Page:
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From new photo ID requirements to permanently disenfranchising citizens  with past felony convictions to ending same-day registration, many  states have introduced bills and passed legislation this year that will  put in place obstacles that make it significantly harder for millions of  people to vote in 2012. Keep reading …

From new photo ID requirements to permanently disenfranchising citizens with past felony convictions to ending same-day registration, many states have introduced bills and passed legislation this year that will put in place obstacles that make it significantly harder for millions of people to vote in 2012. Keep reading …

"There are two things to know about this campaign. First, the [voter fraud] problem it points to does not exist. Second, the real purpose of its proposed solution is to keep certain kinds of American citizens from exercising their legitimate right to vote."

— Election season is revving up, which means we are going to be harangued by nervous politicians about the specter of “voter fraud.” If you’re new to this great American tradition, America’s David Carroll Cochran has a primer for you. Read more …

Modern literature is uninspired, complains poet Bei Dao, whose acclaimed  poems helped fuel China’s pro-democracy movement in the ’70s and ’80s  and led to his exile for decades. He blames the literary decline on  mindless consumerism and base entertainment. Keep reading …

Modern literature is uninspired, complains poet Bei Dao, whose acclaimed poems helped fuel China’s pro-democracy movement in the ’70s and ’80s and led to his exile for decades. He blames the literary decline on mindless consumerism and base entertainment. Keep reading …

Low voter turnout is problematic for many reasons. For one, it  delegitimizes parties in power, as the opposition (read: the loser) can  claim that the winning party doesn’t actually represent the people.  Exhibit A: Bush v. Gore. Exhibit B: The Tea Party. But it’s not strictly an American problem. Historic low turnout in Canada has Bruce Hicks, in This Magazine, calling for compulsory voting. “There is no  reasonable argument that a few minutes out of a citizen’s day every four  years or so … is an unfair burden for living in a democracy,” he  writes. Read more …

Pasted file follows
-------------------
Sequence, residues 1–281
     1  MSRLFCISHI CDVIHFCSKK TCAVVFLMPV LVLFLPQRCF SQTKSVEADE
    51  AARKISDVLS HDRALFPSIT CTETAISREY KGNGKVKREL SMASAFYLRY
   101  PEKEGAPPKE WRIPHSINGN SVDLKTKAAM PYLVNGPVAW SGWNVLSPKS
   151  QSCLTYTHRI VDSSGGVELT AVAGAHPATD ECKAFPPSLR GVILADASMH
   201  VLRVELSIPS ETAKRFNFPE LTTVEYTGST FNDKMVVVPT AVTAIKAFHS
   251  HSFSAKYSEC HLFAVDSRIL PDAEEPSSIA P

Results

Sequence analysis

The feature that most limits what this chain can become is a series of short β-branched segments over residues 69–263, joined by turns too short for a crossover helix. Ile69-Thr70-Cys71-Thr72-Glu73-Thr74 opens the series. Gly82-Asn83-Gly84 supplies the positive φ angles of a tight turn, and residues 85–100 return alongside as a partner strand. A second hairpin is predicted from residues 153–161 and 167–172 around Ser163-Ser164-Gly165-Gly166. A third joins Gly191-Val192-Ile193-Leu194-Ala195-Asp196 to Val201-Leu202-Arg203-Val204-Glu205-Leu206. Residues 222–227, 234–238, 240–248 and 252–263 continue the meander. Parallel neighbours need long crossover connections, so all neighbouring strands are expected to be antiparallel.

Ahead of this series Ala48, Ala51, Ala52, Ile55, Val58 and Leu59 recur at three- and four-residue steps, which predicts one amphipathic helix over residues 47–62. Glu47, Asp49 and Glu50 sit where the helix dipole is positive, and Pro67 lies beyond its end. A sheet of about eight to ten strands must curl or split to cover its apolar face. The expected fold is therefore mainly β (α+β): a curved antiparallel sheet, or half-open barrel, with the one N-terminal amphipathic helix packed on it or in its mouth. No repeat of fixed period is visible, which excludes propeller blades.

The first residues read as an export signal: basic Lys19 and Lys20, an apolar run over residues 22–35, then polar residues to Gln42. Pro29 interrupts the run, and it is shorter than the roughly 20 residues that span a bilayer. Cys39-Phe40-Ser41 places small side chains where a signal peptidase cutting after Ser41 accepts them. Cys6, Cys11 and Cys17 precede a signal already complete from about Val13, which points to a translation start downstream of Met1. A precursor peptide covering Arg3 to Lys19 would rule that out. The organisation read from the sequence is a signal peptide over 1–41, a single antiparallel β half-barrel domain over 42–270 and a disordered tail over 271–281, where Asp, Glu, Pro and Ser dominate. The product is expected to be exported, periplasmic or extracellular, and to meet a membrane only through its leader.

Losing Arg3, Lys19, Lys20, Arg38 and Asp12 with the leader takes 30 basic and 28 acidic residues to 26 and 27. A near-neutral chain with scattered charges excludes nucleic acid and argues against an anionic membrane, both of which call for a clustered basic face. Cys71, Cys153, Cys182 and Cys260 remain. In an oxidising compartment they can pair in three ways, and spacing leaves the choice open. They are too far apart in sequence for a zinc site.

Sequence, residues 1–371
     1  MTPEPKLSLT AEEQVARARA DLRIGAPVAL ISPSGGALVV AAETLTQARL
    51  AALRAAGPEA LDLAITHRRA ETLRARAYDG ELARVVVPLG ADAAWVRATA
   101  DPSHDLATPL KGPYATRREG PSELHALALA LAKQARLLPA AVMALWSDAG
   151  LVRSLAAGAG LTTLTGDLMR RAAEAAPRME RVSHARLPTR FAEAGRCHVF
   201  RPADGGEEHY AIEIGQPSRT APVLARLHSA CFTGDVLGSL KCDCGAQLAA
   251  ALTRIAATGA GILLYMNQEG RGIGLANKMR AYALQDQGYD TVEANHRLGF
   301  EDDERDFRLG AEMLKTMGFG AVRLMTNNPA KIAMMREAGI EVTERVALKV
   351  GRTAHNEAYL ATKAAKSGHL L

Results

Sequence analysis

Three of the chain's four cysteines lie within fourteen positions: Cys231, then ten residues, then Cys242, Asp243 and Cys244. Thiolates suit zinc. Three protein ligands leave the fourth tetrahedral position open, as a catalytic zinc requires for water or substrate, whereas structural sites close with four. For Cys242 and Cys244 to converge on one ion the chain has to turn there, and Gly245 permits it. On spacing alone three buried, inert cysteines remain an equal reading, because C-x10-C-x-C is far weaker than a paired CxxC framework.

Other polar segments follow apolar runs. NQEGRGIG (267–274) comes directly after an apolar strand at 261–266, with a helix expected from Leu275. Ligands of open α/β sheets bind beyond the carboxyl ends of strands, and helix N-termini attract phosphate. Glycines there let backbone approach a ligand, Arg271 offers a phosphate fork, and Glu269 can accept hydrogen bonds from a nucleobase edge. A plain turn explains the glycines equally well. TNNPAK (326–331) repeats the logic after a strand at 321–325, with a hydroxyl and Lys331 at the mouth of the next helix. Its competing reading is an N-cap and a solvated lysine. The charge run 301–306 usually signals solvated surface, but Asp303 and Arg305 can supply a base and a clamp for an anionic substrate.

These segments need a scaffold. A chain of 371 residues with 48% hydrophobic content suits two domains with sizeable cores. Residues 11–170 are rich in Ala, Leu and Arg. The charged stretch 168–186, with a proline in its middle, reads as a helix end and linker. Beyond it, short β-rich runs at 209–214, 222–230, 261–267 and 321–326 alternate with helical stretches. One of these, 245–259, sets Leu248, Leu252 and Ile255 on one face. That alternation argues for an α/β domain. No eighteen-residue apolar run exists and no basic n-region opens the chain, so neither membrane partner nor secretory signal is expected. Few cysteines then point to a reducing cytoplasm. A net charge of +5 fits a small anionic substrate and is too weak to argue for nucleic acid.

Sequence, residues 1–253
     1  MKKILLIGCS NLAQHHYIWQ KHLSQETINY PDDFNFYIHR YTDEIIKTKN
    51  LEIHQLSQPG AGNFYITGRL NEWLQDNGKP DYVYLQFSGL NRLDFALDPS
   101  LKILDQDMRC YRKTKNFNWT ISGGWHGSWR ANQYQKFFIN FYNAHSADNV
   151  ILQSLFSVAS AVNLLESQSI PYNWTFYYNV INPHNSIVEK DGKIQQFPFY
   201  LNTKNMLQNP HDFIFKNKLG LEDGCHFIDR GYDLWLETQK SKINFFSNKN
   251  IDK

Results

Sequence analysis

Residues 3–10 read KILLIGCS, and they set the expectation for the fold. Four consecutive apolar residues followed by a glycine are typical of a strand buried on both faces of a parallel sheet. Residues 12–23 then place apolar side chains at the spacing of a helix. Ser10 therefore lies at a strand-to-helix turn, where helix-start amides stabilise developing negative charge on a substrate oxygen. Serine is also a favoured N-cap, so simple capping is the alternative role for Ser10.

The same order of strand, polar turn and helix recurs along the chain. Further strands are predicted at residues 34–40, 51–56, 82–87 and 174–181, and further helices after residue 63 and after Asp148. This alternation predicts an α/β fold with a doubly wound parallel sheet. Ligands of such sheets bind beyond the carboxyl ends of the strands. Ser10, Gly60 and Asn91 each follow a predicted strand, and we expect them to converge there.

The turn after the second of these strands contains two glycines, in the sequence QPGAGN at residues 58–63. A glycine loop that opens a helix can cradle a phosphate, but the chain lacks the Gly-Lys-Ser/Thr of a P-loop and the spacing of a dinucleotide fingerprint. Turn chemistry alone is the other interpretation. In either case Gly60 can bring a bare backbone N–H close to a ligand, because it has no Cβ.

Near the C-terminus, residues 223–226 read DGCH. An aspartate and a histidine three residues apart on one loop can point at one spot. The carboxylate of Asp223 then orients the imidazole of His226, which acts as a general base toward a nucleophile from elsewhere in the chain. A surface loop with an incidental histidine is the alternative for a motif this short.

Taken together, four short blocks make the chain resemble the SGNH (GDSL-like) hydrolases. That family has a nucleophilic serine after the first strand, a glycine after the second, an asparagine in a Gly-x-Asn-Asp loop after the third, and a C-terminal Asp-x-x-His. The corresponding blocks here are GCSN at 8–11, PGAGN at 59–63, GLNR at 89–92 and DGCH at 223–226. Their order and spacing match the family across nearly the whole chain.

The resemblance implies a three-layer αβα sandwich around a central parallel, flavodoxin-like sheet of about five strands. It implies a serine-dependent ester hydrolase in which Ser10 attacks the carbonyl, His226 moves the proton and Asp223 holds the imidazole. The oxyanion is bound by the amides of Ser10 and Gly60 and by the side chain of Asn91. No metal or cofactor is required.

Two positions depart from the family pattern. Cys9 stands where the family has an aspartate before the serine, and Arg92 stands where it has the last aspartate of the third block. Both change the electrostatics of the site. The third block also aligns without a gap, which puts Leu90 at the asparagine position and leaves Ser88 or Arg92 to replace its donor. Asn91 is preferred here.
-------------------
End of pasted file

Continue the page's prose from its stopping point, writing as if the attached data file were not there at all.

Low voter turnout is problematic for many reasons. For one, it delegitimizes parties in power, as the opposition (read: the loser) can claim that the winning party doesn’t actually represent the people. Exhibit A: Bush v. Gore. Exhibit B: The Tea Party. But it’s not strictly an American problem. Historic low turnout in Canada has Bruce Hicks, in This Magazine, calling for compulsory voting. “There is no reasonable argument that a few minutes out of a citizen’s day every four years or so … is an unfair burden for living in a democracy,” he writes. Read more …

publicradiointernational:

“We talk about democracy movement in Libya, that’s very wrong,” retired Air Force colonel Sam Gardiner told The Takeaway. “Most of this is about a civil war—it’s about tribes against tribes.”

“We’re involved in supporting one side in a civil war against another side,” he continued. “It’s not democracy.”

(Image of the USS Barry launching a missile against Libya.)

"As Americans, we have inherited a stacked deck. We’re in a headlock with our corporate masters and in exchange we’re kept numb by entertainment and assurances that we’re the strongest country on the face of the earth. We serve our corporations and what they want. What these corporations want from Egypt is a territory kept cooperative enough for America to pick clean of its resources."

— Meakin Armstrong, from “Revolution and the American Fever Dream